The feeling may quickly wear off, but so what? People who have never experienced depression cannot possibly understand.

Thus both sides of the bipolar equation find us at risk, up as well as down. Yes, it is true that we are more likely to lose interest in sex when we are depressed, but this should not mask the fact that in certain instances the very opposite may occur, replete with the full menu of life-altering consequences. Psychic pain has that kind of effect on us.

Do Bipolars Make the Best Lovers?

Does hypersexuality in mania and hypomania actually translate to being better in bed? We have no evidence.

What is reasonable to assume is that our ups intensify all our experiences, whether listening to music, enjoying food, watching a sunset, or having sex. Even our downs can add layers of richness to our existence.



But is it possible for those close to us to experience our subjective realities? The answer appears appears to be yes. Our states of mind can be contagious. Wrote Kay Jamison of Virginia Woof, citing one of her social circle: "I always felt on leaving her that I had drunk two excellent glasses of champagne. She was a life-enhancer."

But the very intensity of our world can also be very frightening to others. Virginia Woolf may have lit up her Bloomsbury circle, but she also drove poor husband Leonard nuts. Likewise, the intensity factor has a way of drowning out the rest of our surroundings, including the people around us. When "Me" is involved at the expense of "We," bad things tend to happen.

So - let's make a few wild guesses about what happens when we take our enhanced subjective realities to the bedroom. When things go right, it appears that the intensity we bring to the moment jumpstarts the "normal" partner's intensity, and next thing both partners are experiencing the type of cosmic union you read about in the poetry of Rumi.

Sample verse: "You are the sky my spirit circles in."

But maybe things get too intense for the comfort of our partner, perhaps to the point where he or she no longer feels safe. Maybe we are so into our own needs and desires that we lose sensitivity to those of our partner. We fail to pick up vital signals. We fail to make the necessary adjustments. Sex is mind-blowing enough without adding bipolar to it. Thus, if we are prepared to brag about how bipolars make the best lovers, we also need to accept the fact that there are times when we are probably the worst.

The "Bipolar-By-Proxy" Complication

Jumpstarting our partners may have the effect of turning them into "bipolar-by-proxy." This is wildly speculative, but let's run with it. If our partner is feeling the same kind of intensity we are feeling, with similar dopamine surges, then their capacity to make rational decisions may be as impaired as ours, perhaps more so. We at least have an experiential context to place our current state of intensity. Our partner may confuse this novel experience with love.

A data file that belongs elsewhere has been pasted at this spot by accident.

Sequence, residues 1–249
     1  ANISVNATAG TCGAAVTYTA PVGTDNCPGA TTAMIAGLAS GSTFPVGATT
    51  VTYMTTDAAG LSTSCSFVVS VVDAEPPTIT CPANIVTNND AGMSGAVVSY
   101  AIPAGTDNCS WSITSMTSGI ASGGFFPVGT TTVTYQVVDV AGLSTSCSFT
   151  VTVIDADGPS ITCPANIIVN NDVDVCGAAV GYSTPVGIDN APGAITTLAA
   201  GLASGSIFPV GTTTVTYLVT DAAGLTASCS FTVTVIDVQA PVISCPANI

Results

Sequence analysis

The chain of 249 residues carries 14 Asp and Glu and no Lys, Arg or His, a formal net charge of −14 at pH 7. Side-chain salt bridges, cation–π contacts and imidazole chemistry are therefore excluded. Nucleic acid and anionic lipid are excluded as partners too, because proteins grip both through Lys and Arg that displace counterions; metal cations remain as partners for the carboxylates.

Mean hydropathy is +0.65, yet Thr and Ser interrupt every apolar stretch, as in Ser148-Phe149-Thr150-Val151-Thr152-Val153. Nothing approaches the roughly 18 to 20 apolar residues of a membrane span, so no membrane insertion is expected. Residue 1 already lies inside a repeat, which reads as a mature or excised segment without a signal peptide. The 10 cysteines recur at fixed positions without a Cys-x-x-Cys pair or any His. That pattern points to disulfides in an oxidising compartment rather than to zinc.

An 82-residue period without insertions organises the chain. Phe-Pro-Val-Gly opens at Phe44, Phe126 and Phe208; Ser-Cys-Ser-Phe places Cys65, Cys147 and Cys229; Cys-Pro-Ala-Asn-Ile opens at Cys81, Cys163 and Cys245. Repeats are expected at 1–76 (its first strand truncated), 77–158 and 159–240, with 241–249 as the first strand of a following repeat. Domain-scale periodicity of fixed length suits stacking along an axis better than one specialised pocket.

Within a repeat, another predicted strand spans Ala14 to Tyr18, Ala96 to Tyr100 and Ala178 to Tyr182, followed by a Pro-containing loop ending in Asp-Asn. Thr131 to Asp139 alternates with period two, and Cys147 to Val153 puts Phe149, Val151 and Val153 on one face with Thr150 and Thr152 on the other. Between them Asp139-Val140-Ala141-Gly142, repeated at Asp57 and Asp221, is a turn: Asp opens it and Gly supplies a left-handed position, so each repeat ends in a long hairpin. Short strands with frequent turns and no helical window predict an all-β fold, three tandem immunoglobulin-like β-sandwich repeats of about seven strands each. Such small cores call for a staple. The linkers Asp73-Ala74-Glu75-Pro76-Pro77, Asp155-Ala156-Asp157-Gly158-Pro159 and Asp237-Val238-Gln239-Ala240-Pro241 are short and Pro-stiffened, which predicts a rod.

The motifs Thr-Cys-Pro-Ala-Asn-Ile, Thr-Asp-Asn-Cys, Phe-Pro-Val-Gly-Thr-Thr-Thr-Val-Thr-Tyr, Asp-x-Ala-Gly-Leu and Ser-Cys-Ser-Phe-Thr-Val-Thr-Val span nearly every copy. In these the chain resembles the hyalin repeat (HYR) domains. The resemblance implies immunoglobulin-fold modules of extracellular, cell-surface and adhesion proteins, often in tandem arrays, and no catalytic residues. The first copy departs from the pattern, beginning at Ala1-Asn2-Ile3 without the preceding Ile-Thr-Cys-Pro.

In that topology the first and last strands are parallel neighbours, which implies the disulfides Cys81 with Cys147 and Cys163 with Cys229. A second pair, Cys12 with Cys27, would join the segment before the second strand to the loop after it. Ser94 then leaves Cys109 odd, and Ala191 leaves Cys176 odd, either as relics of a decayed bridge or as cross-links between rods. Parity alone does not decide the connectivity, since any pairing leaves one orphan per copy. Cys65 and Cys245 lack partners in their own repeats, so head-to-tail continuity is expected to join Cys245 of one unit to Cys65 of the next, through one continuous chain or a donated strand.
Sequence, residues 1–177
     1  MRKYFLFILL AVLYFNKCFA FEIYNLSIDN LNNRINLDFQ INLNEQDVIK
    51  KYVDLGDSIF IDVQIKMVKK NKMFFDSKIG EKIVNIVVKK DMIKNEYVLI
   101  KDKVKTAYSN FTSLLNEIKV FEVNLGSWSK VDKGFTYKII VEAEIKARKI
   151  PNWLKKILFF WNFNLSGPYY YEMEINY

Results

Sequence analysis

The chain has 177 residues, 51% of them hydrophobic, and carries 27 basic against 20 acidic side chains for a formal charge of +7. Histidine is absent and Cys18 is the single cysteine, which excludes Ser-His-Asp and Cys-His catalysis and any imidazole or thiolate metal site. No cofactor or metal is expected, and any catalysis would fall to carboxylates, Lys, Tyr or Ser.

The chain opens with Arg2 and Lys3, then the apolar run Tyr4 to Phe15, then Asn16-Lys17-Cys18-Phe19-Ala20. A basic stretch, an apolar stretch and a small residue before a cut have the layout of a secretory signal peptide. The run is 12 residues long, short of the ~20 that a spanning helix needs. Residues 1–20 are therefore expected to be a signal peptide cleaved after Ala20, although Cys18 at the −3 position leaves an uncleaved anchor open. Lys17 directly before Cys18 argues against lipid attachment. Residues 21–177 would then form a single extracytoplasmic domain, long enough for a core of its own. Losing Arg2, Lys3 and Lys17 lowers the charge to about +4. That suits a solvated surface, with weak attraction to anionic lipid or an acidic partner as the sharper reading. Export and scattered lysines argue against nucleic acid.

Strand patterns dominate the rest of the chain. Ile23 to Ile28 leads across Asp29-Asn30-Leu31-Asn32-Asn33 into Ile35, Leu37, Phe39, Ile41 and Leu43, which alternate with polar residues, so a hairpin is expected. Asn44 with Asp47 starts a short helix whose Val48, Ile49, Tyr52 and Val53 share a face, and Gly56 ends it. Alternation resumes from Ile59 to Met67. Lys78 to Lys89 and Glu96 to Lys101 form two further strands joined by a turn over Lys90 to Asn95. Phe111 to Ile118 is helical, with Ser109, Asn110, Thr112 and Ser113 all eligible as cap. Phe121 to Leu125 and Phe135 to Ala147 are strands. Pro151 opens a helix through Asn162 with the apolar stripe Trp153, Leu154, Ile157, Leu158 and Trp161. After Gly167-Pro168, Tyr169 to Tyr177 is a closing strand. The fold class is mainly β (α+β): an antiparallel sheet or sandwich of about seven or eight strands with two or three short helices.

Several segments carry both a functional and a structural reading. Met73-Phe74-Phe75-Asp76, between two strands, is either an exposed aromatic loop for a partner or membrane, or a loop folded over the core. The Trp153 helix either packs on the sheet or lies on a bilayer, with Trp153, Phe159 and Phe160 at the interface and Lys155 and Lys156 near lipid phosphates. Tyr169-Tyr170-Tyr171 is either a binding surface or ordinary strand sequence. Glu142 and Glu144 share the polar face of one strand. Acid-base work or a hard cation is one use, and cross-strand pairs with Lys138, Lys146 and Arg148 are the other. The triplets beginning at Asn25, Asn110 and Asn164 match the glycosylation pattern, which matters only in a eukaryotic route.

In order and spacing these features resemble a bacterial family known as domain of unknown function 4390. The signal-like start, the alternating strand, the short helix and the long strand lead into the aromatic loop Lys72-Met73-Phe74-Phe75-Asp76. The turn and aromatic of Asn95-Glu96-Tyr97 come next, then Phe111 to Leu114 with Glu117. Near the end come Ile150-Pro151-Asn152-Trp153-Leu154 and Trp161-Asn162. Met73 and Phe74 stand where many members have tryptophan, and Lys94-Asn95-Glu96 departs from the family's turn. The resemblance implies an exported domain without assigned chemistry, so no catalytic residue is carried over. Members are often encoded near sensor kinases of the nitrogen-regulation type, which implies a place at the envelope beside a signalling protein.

The Meds Factor

Those on medications frequently complain about their lost sex drive. But other patients express relief over finding their over-active sex drives moderated to the point of being able to engage in normal loving relationships for a change, without fear of going off the rails.

Clearly our sexual drive is a vital part of who we are and how we relate to those around us. In no way should what amounts to long-term chemical castration be regarded as an acceptable trade-off for our own emotional stability.

The reality, though, is that treatment and eventual recovery involve a number of short and medium-term trade-offs. Unfortunately, our psychiatrists are very bad at explaining this to us, much less working with us on a six-to-twelve month strategy aimed at lowering our doses to less debilitating levels. Too often, we are left wondering:

Is this what it is going to be like for me - for the rest of my life?

My guess is that oncologists are much better at going over the long-term game plan with their patients. This would explain why the meds compliance rates for cancer patients are so much higher.

What would the promise (no guarantees) of light at the end of the tunnel be worth to you? Six months with no sex drive? A year? You are not being unreasonable insisting on a long-term plan involving a life of full-function.

Reviewed July 13, 2016